This statement comes as we stand in the middle of a health food store and I am considering the merit of buying a Spoonk. My purse is bulging with the tin of tennis balls I have also just purchased, at the advice of the massage therapist who treated me a couple days ago.
I am slightly desperate. Muscle pain in my upper back is begging for attention. My punishment for years of hunching and far too much time spent sitting at my laptop lately.
A woman from Denmark, who just happens to be in the store, passes by and tells me they are popular there and she has been using it for years with great success. I can't get in line fast enough to buy my new treasure.
Back home again, I don my apron and soon chicken and sausage cacciatore, studded with sundried olives and artichokes, is simmering. Then I place tennis balls between my back and the wall and slowly roll from side to side...little moans accompany each move. I decide that this may be the best $4.99 I have spent in a long time. Such an inexpensive and effective way to massage that spot in between my shoulder blade and spine that I simply cannot reach any other way. Mon chat is also very pleased as she takes one of the balls off to play with. Next, I roll out my "spoonk" accupressure mat and ease myself on to it. A few seconds of "what was I thinking this really hurts", then a few moments later the pleasant feeling of increased circulation, and in five minutes a gentle warmth.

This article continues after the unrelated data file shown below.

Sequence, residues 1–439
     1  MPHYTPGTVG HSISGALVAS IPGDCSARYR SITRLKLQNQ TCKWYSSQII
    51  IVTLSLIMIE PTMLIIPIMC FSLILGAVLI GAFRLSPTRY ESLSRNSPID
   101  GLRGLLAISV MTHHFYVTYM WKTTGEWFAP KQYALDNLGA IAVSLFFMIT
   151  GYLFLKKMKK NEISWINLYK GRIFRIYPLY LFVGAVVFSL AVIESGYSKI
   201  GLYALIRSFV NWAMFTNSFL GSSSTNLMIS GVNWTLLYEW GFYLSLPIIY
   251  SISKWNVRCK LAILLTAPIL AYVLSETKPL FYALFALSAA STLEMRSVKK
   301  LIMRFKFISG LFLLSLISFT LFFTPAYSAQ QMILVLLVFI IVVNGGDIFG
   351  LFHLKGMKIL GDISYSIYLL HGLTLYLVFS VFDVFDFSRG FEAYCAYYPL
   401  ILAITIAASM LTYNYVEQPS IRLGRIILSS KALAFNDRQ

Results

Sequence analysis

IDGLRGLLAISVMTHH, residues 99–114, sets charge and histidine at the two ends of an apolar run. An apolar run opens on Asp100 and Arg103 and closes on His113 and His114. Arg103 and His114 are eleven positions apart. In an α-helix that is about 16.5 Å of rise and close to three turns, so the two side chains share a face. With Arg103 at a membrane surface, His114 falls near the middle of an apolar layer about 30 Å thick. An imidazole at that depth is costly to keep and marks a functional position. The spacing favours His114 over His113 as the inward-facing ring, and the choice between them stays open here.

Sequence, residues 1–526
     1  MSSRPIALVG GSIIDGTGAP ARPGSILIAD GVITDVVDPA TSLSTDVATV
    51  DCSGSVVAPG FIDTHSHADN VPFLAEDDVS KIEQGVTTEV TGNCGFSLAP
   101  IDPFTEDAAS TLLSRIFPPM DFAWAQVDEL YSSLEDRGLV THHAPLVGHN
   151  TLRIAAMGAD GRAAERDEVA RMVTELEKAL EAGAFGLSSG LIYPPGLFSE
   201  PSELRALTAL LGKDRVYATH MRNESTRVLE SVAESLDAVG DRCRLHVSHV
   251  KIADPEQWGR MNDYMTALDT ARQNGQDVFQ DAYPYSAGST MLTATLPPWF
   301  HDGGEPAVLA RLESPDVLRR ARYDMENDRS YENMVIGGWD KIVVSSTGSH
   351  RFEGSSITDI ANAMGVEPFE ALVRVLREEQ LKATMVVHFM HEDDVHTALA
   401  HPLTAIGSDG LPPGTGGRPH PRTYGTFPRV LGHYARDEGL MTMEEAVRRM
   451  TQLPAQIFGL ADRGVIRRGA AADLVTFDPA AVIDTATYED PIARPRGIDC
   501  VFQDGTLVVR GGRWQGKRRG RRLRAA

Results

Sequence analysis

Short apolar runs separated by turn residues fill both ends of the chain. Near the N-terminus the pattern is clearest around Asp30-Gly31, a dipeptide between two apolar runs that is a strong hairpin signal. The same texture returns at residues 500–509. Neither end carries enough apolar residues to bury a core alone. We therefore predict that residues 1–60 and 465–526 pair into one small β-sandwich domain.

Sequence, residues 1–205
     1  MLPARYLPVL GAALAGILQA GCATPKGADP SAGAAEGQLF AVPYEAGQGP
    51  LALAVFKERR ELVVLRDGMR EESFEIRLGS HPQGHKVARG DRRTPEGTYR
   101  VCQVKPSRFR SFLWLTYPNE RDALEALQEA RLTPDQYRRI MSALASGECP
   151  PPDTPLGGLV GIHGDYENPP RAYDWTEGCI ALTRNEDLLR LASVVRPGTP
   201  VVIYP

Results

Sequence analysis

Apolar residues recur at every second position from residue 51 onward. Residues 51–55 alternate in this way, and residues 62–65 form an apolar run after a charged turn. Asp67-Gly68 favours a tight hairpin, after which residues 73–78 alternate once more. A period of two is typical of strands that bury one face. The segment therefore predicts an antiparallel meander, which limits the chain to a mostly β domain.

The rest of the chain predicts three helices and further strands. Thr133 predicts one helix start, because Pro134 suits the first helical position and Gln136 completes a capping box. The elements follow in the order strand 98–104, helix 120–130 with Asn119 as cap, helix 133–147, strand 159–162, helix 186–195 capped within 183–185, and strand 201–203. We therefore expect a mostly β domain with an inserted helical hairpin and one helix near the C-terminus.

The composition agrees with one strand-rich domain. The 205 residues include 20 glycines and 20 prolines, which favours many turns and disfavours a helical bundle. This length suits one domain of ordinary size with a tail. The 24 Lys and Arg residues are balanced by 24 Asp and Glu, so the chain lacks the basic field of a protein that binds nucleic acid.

Will it live up to it's promises of relieving muscle tension, providing pain relief, decreasing stress, and improving sleep. Please let it be true. Then I roll it up and place it next to the 40 inch rebounder that was delivered this morning. Yes, we are not skimping on our health.
I am reminding myself to sit up straight as I type this. Just as I will when we sit down with a robust bottle of red wine and a big bowl of cacciatore. However, you may feel free to sit any way you choose when you enjoy yours.
2 chicken breasts (cut in half crosswise or four thighs - whatever you prefer(skinless...boneless too if you like...but the bones do add flavor)
2 hot italian sausages (remove casing and cut into bite size pieces)
28 ounces or so, of Italian tomatoes, chopped
1 bell pepper, chopped (choose a color you like)
1 carrot, chopped
1 onion, chopped
3 or more garlic cloves, finely chopped
a good splash of red wine
1 jar of artichokes, halved or quartered
3 good spoons of capers
20 or more pitted sundried black olives
a few oregano leaves or one teaspoon dried
Sea salt and freshly ground pepper
Oh...and if you happen to have the rind from a wedge of parmesan...put it in too...I save them up for just this sort of thing.
handful of fresh basil
handful of fresh italian parsley
All good things, k